Mystic Towers: Out of the retirement home

(This is part of my journey going playing through 1994’s Mystic Towers. You can follow the entire series on the Retro Gaming page.)

I can’t tell you how often I have this urge to take all of these interesting and amazing computer games that I somehow missed from my youth, package them up, and send them back through a wormhole to my teenage self to enjoy with all the copious amounts of time he has. One of those titles would definitely be Mystic Towers, but as always with this series, better late than never!

Mystic Towers caught my attention this past year with a screenshot. There’s something about the three-quarters 3D view here that is instantly appealing, especially with the colorful fantasy graphics and the idea of a dungeon crawler puzzle solver. I’ve been dying to play this for a while, so let’s get into it!

The splash screen warns me that this product is NOT shareware and should not be reposted on a BBS. Oh, is there anything more ’90s than that statement? Other than the EVGA graphics and Apogee logo, I mean.

Woo boy, there is a lot going on in this screen. So from what I can deduce, you play this very old sorcerer who is trying to climb up multiple floors of a tower. Only by beating all of the monsters and destroying the generator can you unlock the next floor. Since everything is at an angle, moving and facing directions is a little awkward… at least at first. I’m going to have to read up on this one.

The controls really take some getting used to. Due to the isometric perspective, moving is at an angle — as is interacting with objects and attacking. It took me a ridiculous amount of time to defeat this non-attacking bug with my ice spells due to it wandering off the straight line that I was shooting.

So this isn’t really a dungeon crawler in the vein of Diablo, but rather a puzzle games with occasional combat. You explore the floors, pick up useful spells and items, defeat monsters, and unlock sections until you get where you need to be.

Pro-tip: Don’t eat the mushrooms UNLESS you’re poisoned. Otherwise you’ll die right away. Good to know.

Other than the difficulty in trying to handle combat at an angle, my only other initial gripe with Mystic Towers is the use of CTRL at your catch-all “use” button. The problem with this is that it’s all context-sensitive: If there’s something in the game world that you can interact with, this button will do that, otherwise it defaults to firing off your selected spell. And since all of your spells — save for ice — have limited charges, it’s really easy to waste shots. So I’ve gotten paranoid about switching to ice unless I’m gearing up for combat.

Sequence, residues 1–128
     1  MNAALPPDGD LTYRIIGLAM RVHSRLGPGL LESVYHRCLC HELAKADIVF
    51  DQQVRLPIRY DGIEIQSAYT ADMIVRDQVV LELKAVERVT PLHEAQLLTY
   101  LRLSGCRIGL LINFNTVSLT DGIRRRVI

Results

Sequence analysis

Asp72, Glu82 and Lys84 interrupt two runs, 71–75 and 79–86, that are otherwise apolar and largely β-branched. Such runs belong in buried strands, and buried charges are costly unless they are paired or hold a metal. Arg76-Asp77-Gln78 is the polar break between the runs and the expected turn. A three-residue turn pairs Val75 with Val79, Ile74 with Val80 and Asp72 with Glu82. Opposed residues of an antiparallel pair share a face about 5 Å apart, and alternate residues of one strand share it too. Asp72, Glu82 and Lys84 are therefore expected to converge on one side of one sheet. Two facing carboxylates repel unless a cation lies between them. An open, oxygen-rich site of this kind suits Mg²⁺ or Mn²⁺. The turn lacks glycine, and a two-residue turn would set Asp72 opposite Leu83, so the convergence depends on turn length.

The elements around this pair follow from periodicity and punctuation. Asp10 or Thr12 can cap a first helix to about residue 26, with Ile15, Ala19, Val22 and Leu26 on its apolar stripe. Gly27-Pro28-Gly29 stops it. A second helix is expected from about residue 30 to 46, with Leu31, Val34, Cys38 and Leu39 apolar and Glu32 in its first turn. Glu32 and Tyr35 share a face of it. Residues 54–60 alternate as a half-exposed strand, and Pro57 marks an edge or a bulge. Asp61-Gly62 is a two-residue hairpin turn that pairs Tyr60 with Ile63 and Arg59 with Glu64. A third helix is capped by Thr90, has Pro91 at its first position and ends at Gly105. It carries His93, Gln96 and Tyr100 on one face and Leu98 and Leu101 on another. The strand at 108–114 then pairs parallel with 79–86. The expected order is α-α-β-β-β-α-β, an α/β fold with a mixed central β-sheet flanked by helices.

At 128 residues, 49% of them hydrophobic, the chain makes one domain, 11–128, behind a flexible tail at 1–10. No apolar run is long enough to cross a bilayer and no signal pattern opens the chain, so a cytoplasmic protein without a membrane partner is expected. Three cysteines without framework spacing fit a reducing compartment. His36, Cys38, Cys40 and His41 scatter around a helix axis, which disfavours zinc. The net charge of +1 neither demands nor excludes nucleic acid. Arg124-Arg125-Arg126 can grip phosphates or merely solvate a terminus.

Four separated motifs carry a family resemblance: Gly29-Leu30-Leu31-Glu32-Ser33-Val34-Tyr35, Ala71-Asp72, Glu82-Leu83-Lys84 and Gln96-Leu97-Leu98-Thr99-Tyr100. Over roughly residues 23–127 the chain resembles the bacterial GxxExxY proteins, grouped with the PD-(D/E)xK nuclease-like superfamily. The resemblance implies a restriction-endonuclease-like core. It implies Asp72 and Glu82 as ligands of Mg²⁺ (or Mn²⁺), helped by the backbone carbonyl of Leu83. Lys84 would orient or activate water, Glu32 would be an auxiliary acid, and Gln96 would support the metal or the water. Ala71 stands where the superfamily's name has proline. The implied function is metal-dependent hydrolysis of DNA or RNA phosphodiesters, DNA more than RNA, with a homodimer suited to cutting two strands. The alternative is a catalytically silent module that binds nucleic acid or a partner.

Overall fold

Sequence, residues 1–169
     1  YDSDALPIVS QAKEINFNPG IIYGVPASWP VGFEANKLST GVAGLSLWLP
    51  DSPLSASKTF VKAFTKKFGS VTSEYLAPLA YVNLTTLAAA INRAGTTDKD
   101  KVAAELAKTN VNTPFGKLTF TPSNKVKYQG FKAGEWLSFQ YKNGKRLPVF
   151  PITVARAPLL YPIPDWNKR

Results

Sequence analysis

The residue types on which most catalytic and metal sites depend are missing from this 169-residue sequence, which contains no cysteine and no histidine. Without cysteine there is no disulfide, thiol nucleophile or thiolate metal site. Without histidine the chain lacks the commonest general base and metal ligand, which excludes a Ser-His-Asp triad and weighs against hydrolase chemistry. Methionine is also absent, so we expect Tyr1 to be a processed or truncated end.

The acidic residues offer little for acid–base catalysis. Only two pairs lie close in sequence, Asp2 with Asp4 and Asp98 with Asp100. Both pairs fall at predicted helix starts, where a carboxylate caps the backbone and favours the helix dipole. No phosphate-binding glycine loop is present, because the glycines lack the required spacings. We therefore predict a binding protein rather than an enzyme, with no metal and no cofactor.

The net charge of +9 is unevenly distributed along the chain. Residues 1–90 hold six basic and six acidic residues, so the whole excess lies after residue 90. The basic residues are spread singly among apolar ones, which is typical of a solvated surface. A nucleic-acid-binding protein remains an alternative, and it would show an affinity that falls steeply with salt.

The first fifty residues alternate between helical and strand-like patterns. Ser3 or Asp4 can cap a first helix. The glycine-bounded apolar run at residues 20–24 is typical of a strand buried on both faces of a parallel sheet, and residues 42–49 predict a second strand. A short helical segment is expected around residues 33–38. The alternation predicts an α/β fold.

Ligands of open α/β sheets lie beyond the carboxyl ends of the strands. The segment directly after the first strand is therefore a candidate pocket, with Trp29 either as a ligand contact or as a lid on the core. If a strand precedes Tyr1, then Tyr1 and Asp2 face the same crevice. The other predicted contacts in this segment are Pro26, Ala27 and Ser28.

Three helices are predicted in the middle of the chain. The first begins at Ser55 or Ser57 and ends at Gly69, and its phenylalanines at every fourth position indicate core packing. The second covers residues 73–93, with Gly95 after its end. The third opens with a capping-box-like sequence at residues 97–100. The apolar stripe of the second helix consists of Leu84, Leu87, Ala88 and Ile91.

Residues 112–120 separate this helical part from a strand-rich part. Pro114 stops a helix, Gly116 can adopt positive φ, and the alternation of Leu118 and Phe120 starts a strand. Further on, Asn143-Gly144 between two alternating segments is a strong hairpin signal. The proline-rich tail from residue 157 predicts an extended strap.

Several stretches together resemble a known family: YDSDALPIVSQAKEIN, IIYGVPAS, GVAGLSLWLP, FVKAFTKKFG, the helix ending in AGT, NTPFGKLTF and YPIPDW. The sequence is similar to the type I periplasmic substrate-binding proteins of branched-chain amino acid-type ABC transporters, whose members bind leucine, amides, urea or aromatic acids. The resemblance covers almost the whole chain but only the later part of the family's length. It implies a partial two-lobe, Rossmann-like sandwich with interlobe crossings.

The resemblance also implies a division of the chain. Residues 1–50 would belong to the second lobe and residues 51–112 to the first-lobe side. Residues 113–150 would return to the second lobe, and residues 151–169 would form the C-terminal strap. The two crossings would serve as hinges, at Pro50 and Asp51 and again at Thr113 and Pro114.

Well, “gearing up” as much as an old guy going commando under a robe can, really.

One other factor that you have to consider is food and water. Yup, years before “survival games” were all the craze, Mystic Towers had you track those annoying food and drink meters. The tower has plenty of these items, but I’m still a little annoyed by the timer function that they serve. I’d rather explore without having to rush.

Still, every room here is a treat. I like taking this tower one bite-sized room at a time and looking around for secrets and interactions.

Not that a video game from 25 years ago is taking any of my calls today, but I would advise that Mystic Towers would’ve been better off without combat. It’s easily the most awkward part of the game due to the diagonal facing and enemies’ tendencies to continually move around until you really, really tick them off with enough attacks so that they come straight at you. In my opinion, this game would’ve functioned a whole lot better as a pure puzzle game than this hybrid format.

This dragon looks so, so sad. I guess I’d be, too, if I was given a job of holding a red-hot bowl of fire on my back and stuck in a lonely room.

I’m sad to say this, but I’m just not feeling it with this game the way I had hoped. I really do love the premise and the graphics, but the actual gameplay isn’t hitting my fancy. I feel like I’m meandering about without any direction or even understanding what’s a puzzle, and I would like to move on to another game.

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